Overwhelming House Majority to Obama: Reject Palestinian Diplomatic Efforts Against Israel

In letter, signatories say they 'deeply troubled' by prospect of one-sided UN resolutions on the Israeli-Palestinian conflict, which 'dangerously hinder' possibility of future direct negotiations.

AP

An overwhelming majority of the U.S. House of Representatives signed a letter urging President Barack Obama to reject any unilateral action by the UN Security Council regarding Israel.

The letter undersigned by 394 House Republicans and Democrats — more than 90 percent of the 435 representatives — was sent to Obama Thursday amid reports that the Palestinian Authority might revive a draft resolution against Israel’s policies in the West Bank, similar to the one vetoed in 2011 at the Security Council by the United States.

Rival pro-Israel groups praised the letter, with the older lobby, the American Israel Public Affairs Committee, emphasizing the letter’s placing much of the burden of returning to negotiations on Palestinians, and J Street, a liberal group, noting that the letter does not appear to preclude U.S.-led bids to revive the talks.

The U.S. should “maintain its indispensable role of mediator” by closely coordinating its moves with “our democratic ally Israel” and by refusing “to support counterproductive efforts aimed at imposing a solution,” read the letter, initiated by Democrat Nita Lowey of New York and Republican Kay Granger of Texas, the two top lawmakers on the foreign operations subcommittee of the House Appropriations Committee.

It also said the signatories were “deeply troubled by reports that one-sided initiatives may arise at the UN in the coming months concerning the Israeli-Palestinian conflict. Such efforts dangerously hinder the prospects for resuming direct negotiations.”

In a recent interview, Palestinian Authority Foreign Minister Riad Malki expressed hope that Obama would let the Security Council vote on a resolution against Israel because the U.S. president is about to leave office.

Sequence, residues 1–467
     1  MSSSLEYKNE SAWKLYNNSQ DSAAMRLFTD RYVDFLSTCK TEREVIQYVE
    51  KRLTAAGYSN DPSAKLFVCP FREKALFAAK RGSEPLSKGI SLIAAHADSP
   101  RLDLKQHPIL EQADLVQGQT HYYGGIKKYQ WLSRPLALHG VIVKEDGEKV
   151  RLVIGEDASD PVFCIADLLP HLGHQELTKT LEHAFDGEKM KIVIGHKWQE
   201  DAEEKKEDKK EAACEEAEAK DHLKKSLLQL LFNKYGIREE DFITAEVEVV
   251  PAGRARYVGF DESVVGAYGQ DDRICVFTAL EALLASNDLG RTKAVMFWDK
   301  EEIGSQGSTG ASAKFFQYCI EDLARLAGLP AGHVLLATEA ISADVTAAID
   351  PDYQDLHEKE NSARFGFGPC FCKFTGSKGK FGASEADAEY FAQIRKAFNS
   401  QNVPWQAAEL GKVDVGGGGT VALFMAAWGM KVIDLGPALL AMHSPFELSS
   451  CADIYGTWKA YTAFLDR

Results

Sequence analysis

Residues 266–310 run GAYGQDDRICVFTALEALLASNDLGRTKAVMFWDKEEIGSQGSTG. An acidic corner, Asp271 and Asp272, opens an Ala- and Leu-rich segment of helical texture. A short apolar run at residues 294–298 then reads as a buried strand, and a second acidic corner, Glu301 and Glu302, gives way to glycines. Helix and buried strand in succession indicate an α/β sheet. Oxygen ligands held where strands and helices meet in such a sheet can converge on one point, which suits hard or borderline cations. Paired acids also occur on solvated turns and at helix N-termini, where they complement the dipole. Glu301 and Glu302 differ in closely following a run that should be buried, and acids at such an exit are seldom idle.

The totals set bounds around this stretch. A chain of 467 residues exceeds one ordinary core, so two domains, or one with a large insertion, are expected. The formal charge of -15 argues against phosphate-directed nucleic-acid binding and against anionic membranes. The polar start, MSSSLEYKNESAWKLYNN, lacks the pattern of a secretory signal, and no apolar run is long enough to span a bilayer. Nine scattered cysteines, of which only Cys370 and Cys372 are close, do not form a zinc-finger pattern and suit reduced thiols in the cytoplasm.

“We share your frustration with the lack of significant progress toward a lasting peace between Israelis and Palestinians,” the letter to Obama reads, but “only the parties themselves can agree to end their conflict through a negotiated resolution.”

AIPAC in its statement emphasized what the letter opposed — unilateral moves by the Palestinians. “With this letter, an overwhelming bipartisan House majority has now urged the President to oppose and, if necessary, veto any such one-sided UN Security Council resolution,” it said.

J Street emphasized what the letter did not oppose — U.S.-led efforts to revive the talks. It did not include an explicit call for “direct talks,” J Street noted, a term which is seen as code for precluding any U.S.-initiated action.

The letter, J Street said, affirmed “long-standing US opposition to one-sided UN action, while not ruling out productive and balanced UN action such as the UN Security Council Resolutions on the conflict that Republican and Democratic administrations alike have often supported over the course of decades.”

Lowey said she favored direct talks, although the term is not in the letter.

“It’s very clear you can’t impose a solution,” she told JTA, saying UN initiatives set the process back. “I believe strongly that these approaches are counterproductive, they make it more difficult for the next administration.”

Lowey said a prominent U.S. role also was key. “To get to a two-state solution, the US should maintain its role as mediator,” she said.

The White House hasn’t yet received the lawmakers’ letter and declined to comment on it, the Wall Street Journal reported.